Working on the redesign of a college website

November 2011 – The desire for a site redesign is first mentioned, you knowingly sigh a deep sigh to yourself.

February 2012 – An administrative committee is formed to lay out the main categorizations and links for the new site.  You shake your head at the first inkling that there are to be changes to cutesy, vague category names like “Discover”.  “Global” is also included, which still makes you chuckle.

May 2012 – A wireframe design is complete, and example pages are shopped around campus.

June 2012 – After three campus demos, and sign-off from the various stakeholders, you put together a project plan to execute on the redesign.

July 2012 – The “categories” for the links are finalized, and guidance is given in what to include in each category.  You provide feedback that we need to be really certain these are the categories we want to go with, because you’re also rolling these menu items out to 150+ sites using the theme, so it’s not simple to go back and change link names later.

November 2012 – The plans to implement the redesign are finalized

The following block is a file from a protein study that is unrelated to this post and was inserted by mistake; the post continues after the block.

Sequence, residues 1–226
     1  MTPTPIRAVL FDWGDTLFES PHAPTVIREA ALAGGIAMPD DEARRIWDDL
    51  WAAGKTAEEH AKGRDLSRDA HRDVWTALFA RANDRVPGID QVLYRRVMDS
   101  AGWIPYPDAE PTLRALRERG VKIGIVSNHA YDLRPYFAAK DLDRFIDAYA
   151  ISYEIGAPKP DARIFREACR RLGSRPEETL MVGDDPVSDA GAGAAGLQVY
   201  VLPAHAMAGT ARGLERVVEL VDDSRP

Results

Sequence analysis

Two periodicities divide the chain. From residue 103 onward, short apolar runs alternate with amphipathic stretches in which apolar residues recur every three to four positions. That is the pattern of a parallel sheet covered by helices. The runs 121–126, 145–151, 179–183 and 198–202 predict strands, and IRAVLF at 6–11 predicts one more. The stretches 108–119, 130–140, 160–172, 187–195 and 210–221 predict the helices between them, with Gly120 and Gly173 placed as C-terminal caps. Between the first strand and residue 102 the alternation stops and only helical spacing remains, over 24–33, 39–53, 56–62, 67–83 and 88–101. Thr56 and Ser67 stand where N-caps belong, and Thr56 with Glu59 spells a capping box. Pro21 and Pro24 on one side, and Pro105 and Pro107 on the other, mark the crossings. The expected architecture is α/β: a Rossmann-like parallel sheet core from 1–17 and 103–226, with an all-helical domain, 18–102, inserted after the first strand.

December 2012 – The trigger is pulled over holiday break

January 2013

  • The first call comes in to change a category back to the way it was before.
  • You get the first  “I can’t find the calendar” call. You provide the three places that the calendar is directly linked from, along with the guidance that if you type “calendar” in the search box and click go it is the first result.
  • You get the first call from someone angry that their link is “missing”.
  • You get the first angry tweet from a student that things look different now.

January 2013, week two

  • The second call to change a category back to the way it was before the redesign
  • The first call from someone upset that they are no longer featured on the front page of the website
  • You get an email from someone who was in the group who created the new menu items, asking you why you chose the menu items you did.

January 2013, week three

  • The student newspaper asks you “why do you think the redesign has been criticized so much?”
  • This is also the first time you field a call from someone who is angry that you change something back for someone who was angry that it changed in the first place

January 2013, week four

  • The third call comes in to change a category back to the way it was before the redesign, you realize now that you’re 75% back to the menus and navigation as they were before the process began.  You put head on desk and close your eyes.
  • You touch up your LinkedIn Profile



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